In Memoriam + Nadine Deutsch
Audio
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Delivered By
Pr. Mark D. Lovett
Delivered On
August 17, 2013
Central Passage
Mark 7:31-37
Subject
On the occasion of the funeral of Nadine Deutsch
Description

In the name of the Father and of the + Son and of the Holy Spirit.[*]

"And looking up to heaven, He sighed and said to him, "Ephphatha," which means "Be opened."

Sometimes we feel our fallenness most acutely not in the sins that we commit ourselves, or even in the sins we see others partake of, but sometimes we feel our fallenness most acutely in what we suffer from a broken and sinful creation. We realize in those times – times such as these – that it’s not that we need to try harder, or that we need pep talks or life coaches, or twelve-step programs, or a feel-good gospel. We realize that what we endure because of sin and sinfulness is far bigger than all of that. It is a cancer that infects and destroys everything around us. It is a sickness that is destroying us.

And it leaves us dazed, even confused. It leaves us overwhelmed and exasperated. And it makes us tired. So we groan. We sigh. We sigh in pain, in exhaustion, in disbelief. When we watch our heroes grow old, become weak, and die. When our friends or family let us down, when they don’t stick up for us, or worse, when they take advantage of us, when they betray us. We feel the effects of sin. We feel the effects of the curse “by the sweat of your brow you shall eat . . .” and “you will surely die.” Sighing is a fruit of the curse.

And so we try to ignore it. We shrug it off, looking for the ray of sunshine in what is otherwise complete darkness. We desperately try to find the silver lining in the blackest holes. But some of the things we endure can’t be shrugged off. Some things can’t be ignored, either because they are so deeply personal or because they are of such a magnitude that they can’t be, such as burying a beloved mother, sister, grandmother, and great grandmother. Such as burying a good friend. It is not always possible to make lemonade out of lemons. Such times gnaw at us because we know that this is not how things are supposed to be. It is not how God intended it.

St. Paul says that what we experience is what the whole creation experiences. That the whole creation groans and sighs as it suffers and endures the realities of sin in the world, that sickness and decay, sin and evil are part of our daily experience. We live under the weight of sin, the weight of loneliness and betrayal, the weight of death and loss. We live under the curse.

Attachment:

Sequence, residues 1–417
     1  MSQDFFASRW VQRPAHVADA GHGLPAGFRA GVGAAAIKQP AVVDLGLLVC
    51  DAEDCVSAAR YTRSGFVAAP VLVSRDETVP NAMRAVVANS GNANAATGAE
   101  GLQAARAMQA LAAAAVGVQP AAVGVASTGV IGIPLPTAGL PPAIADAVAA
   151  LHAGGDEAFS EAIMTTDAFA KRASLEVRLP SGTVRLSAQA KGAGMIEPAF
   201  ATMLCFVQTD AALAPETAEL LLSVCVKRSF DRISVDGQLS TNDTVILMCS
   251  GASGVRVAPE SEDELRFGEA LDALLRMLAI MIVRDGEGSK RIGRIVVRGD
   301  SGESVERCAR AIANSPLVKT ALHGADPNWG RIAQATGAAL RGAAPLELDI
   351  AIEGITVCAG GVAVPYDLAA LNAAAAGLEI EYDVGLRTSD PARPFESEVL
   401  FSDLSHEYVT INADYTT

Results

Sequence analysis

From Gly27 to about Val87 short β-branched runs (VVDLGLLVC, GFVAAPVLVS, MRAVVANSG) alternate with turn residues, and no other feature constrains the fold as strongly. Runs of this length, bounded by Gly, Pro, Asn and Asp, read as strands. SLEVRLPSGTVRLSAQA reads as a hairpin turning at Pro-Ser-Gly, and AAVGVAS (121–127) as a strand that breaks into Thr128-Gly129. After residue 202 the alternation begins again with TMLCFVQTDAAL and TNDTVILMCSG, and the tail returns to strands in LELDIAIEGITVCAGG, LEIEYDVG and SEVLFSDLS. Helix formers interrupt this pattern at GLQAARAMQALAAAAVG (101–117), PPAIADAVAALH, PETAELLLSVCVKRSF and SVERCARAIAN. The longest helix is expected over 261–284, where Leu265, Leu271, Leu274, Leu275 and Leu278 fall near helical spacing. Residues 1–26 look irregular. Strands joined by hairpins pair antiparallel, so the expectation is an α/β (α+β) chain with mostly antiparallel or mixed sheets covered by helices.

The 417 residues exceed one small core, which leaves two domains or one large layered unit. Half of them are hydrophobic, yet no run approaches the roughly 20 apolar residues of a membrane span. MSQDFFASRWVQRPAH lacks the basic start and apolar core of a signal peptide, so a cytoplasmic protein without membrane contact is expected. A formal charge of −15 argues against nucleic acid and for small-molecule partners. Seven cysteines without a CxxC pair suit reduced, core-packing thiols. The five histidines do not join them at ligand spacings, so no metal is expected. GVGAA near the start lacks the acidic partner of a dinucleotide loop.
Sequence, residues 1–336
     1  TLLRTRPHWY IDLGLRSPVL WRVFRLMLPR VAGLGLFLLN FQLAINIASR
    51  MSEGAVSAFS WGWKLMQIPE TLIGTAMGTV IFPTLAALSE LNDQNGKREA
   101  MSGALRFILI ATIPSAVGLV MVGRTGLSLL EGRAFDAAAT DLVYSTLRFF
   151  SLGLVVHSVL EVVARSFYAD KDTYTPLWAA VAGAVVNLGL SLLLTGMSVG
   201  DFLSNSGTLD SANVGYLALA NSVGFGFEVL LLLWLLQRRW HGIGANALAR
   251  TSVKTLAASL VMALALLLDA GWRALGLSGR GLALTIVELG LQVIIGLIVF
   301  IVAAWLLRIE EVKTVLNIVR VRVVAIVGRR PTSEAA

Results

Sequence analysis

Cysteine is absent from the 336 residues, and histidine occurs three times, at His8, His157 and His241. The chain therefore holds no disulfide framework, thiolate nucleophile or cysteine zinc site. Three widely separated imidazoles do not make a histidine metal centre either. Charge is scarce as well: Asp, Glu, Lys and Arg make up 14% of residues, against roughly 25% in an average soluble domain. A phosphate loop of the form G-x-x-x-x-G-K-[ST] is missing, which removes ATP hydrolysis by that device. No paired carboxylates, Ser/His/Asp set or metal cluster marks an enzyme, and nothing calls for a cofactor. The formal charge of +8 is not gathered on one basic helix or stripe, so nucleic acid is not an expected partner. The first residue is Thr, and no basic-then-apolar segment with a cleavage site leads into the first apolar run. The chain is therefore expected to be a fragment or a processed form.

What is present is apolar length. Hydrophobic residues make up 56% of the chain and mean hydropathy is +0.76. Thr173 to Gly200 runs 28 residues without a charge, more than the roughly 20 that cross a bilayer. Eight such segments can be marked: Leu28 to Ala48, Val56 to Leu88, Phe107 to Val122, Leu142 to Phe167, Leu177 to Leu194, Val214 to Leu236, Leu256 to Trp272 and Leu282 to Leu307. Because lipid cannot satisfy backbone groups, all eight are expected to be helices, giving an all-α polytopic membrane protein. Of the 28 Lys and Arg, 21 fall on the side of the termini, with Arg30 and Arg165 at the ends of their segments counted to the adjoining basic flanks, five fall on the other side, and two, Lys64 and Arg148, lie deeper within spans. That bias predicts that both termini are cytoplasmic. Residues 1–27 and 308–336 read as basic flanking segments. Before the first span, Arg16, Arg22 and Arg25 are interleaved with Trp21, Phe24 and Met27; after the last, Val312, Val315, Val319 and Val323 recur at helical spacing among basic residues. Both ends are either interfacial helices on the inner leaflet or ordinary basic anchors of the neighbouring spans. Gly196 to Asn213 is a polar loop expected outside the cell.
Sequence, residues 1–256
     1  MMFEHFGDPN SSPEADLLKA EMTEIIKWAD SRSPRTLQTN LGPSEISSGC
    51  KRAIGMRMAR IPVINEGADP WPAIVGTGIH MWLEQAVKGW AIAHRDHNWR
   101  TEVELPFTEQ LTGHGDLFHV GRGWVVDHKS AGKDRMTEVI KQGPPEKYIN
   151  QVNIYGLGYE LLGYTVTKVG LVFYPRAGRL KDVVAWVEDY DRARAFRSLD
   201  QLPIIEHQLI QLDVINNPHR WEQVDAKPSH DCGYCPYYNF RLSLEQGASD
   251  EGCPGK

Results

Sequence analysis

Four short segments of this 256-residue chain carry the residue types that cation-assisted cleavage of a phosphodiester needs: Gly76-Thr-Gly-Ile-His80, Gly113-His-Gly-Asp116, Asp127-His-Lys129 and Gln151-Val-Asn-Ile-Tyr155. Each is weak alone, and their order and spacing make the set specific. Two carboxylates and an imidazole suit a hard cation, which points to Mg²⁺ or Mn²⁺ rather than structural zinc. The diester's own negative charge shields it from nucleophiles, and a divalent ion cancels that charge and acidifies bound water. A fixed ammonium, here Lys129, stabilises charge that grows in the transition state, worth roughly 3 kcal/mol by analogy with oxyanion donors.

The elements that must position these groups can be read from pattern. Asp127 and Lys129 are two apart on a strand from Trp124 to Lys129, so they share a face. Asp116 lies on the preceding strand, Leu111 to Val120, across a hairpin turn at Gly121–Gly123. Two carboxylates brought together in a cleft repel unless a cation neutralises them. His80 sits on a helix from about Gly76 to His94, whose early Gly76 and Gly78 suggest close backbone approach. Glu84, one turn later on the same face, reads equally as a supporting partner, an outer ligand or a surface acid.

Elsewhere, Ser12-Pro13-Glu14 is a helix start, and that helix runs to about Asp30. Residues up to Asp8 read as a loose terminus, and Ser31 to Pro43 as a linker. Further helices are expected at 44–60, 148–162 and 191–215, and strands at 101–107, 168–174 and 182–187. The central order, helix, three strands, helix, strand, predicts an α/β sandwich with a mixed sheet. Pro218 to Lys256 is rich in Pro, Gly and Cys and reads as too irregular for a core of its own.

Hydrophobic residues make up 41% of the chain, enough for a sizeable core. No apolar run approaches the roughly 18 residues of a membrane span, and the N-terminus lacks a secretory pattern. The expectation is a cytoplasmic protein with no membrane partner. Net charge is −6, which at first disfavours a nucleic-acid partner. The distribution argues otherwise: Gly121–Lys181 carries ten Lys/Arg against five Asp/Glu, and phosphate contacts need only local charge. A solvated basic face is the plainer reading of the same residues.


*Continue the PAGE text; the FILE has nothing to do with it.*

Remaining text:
And this is why we sigh and groan and why our groans turn to tears. Because we know this isn’t how it’s supposed to be. We’re tired and overwhelmed. We’re hurt and confused, and we don’t know what to do.

Sighing is a fruit of the curse.  It comes with the knowledge that all is vanity; that nothing can be done to stop death. It comes with desperation, with frustration. It comes when even with blood, sweat, and tears we see that our work never amounts to what we desire and is quickly forgotten. It comes with sorrow and distress, with pain and suffering, when our bodies grow old, our health deteriorates, and our loved ones die. Sighing is a fruit of the curse and the curse is that sin has become flesh and dwells among us. And the wages of sin is death.

But when Jesus sighs, it's different. His sighs are not out of desperation or exasperation. He sighs not out of confusion or exhaustion. This is not to say that He doesn't feel your pain or know your frustration. He does. But His sighs are not just an acknowledgment that this is not the way things are supposed to be, that man was not created to suffer, to live under a curse of his own making, to live separated from God by his sinfulness and then to die. Man was not created to die, but to live forever and to live forever in communion with the most Holy Trinity. No, His sighs are more than that. They are more than expressions of the curse made incarnate. His sighs are filled with compassion and with the cure. For He is the cure. God's Word made flesh; the embodiment of God's will and law in human flesh. When Jesus sighs He does more than give expression to the human struggle under the curse of sin. When Jesus sighs He breathes in the curse and breathes out the cure, the blessing of His Word, the impartation of His Spirit, which gives life.

For looking up to heaven, Jesus sighed and said "It is finished." He breathed His last and handed over His Spirit. He gave His life into death so that you and our sister, Nadine, will live. He took the curse into Himself, your sin into Himself, Nadine’s sin into Himself. He suffered in your place, died in your stead and is risen from the dead. Out of the tomb He came to rescue us from death; to give us eternal salvation. Out of the tomb He came so that we would be baptized not only into His death – a death to sin – but into His life, He eternal life. And this same Christ that stuck divine fingers into mortal ears and put divine spit onto a mortal tongue, this same Christ gives His divine flesh to mortal mouths and His divine blood to mortal tongues, that our mortality would be swallowed up by immortality and death be swallowed up by life.

We will go on sighing our sighs of weariness and exhaustion from a fallen and sinful creation, sighing often even at our own sins. But we will also go on in Christ, remembering that His signs becomes ours in the divine mystery of His body, wherein we sigh not from exhaustion and exasperation, but in peace, sighing a sigh of relief that the Lord does all things well. He even raises the dead.

+ In Nomine Iesu +

 

 

[*] This sermon is adapted from a posted manuscript by the Rev. Fr. Jason Braaten of Immanuel Lutheran Church, Tuscola, Il.